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Tag me here if you have any music questions. Anything, and I mean anything lol. I’ll also post some updates to this topic when necessary. Anyhow, happy Hopscotchin’ and stay cool bros :metal:



Stealing first post


Ooooh this is great!

Can I add a small tip? Just something I’ve done before that I find helps and I don’t know if you put it.

One thing I’ll do is set a variable to the “tempo” and then have other variables that are like the half notes (tempo * 2), quarter notes (tempo), eighth nots (tempo / 2), etc.

I find that’s helpful for simpler songs where you want to adjust the tempo of the entire thing easily. Certainly no one has to listen to this but I thought it could be helpful

Also great tutorial Gwe!


Ah, great idea!

I’ve never really used variables in music, but this sounds like it works really well! I might try this out in the future.

Thank you!


You’re welcome

Yeah I just got fed up with typing it all out over and over again


@GweTV GREAT topic!

Use my KeepSync chords strategy or that but all in one variable. Using this, I can use powers of 10 ihn variables to run sounds in E-Pad while having no sound lag and very little frame dropping.

I am planning to replace “improved sounds” in the Web Explorer with a 3rd parameter in set sound called “instrument,” where 0 = piano (the current “improved”), -1 = original, 1 = guitar, 2 = sustained note??, etc.

Read your sheet music while playing the music. That helps so much.

Important note: Many times, you will have to mess with octaves, since HS only has 2. Given this, you should always make sure that the melody is heard as well as only the important harmony notes

I’d say whatever works. Just experiment.


Thank you!!!

Nice :ok_hand:

Oooh interesting. It would be interesting to add guitar. It would spice up the sound for sure.

Agreed, especially if you don’t really know how to read music. It also helps even if you do.


Yee, I’ve been experimenting for a few months on my extras account


Depends on the song. If you know 250% or more that you won’t change the tempo, no need. But any change in tempo means you should probably have a variable to control it.

I go quarter note base = 500ms / 0.5sec for 120bpm – I think doing it this way works best (quarter base, so that you can think: x amount of notes per second)




Is there a formula for BPM?


BPM to seconds? Of course.

Using the fact that 60BPM = 1 quarter / sec = 1 sec — and 120BPM = 2 quarters / sec = 0.5 sec,

Wait seconds = 60 / BPM, simple as that.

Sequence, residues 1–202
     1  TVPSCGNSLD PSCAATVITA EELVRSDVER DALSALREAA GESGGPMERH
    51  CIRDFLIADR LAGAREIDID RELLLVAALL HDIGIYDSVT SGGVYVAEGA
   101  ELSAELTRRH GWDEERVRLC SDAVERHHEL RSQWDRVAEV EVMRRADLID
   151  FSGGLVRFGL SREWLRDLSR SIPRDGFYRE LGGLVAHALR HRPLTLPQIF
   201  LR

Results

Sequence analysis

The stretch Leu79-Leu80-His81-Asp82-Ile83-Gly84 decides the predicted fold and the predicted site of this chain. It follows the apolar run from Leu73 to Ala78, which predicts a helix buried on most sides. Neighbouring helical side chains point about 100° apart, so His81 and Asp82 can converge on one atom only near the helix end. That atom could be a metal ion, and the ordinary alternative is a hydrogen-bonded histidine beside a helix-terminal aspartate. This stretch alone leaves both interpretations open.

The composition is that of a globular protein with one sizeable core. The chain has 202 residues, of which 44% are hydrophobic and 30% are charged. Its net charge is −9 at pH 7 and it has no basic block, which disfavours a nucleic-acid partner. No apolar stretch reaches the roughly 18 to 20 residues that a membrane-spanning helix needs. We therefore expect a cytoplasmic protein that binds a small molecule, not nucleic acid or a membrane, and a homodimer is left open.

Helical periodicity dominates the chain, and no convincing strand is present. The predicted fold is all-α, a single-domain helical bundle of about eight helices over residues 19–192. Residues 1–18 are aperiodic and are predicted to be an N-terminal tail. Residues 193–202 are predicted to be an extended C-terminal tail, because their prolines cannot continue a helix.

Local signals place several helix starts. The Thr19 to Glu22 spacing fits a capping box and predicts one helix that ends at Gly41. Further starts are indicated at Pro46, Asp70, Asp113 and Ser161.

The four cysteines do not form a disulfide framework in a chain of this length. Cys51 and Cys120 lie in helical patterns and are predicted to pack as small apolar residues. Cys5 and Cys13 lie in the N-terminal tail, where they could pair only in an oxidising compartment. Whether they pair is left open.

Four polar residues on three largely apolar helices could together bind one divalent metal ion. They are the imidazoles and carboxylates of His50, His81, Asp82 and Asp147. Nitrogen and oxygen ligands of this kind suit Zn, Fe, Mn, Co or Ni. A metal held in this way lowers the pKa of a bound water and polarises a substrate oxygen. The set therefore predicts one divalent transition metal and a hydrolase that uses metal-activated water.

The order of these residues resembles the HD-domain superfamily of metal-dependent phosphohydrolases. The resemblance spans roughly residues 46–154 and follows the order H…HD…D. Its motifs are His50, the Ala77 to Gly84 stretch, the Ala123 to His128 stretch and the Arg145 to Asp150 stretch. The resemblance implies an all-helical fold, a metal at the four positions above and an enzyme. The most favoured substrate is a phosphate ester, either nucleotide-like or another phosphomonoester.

Ah right right right. Bookmarked for further use. I knew there had to be a formula, but sadly the internet isn’t reliable anymore lol


rubs hands in excitement because new test method has a decently easy way to change tempo

I seriously need to steel myself and code the accompaniment though - the only reason I haven’t is that I haven’t listened to the song enough to discern it from ear


Ooooh new project?


it’s like three weeks old because I coded the melody and left it alone for too long, but basically it uses a new method that doesn’t involve wait time.

sort of discovered by E if I recall correctly, but I tweaked some things that maybe I can take credit for??


Nice :ok_hand:

Yeah I probably could code my Weezer mashup by memory since I basically know all their songs to heart lol :sweat_smile:


Mine uses variables to control sound, yours subtracts execution time, right?

It’s just different. Mine was completely made by me, yours was completely made by you. Just two different approaches.


welp, I was trying to be brief without giving away too many spoilers :face_with_hand_over_mouth:, but I guess I can clarify.

mine does use variables, but unlike yours, which iirc has an object setting the variable to 1, 2, 3, etc., mine has an object that continually increases a “master” variable - kind of like the cursor thing if you were to use a video or audio editor. the other objects then play sound when the variable hits a certain value, like measure numbers in sheet music. long story short: lots of rules, but way better synchronization


All of a sudden when you look up Black Flag you get these weird punk recommendations from the 1980s and ngl they really do slap


Ah, that’s cool!

I wouldn’t bother with rules because E-Pad is large enough on its own. Even the first song took too much checking for Wi-Fi and play status. (off = loop back to start – that was hard). Thankfully, I can use destroy object to reset the song for future songs.


Super helpful gwe, thank you!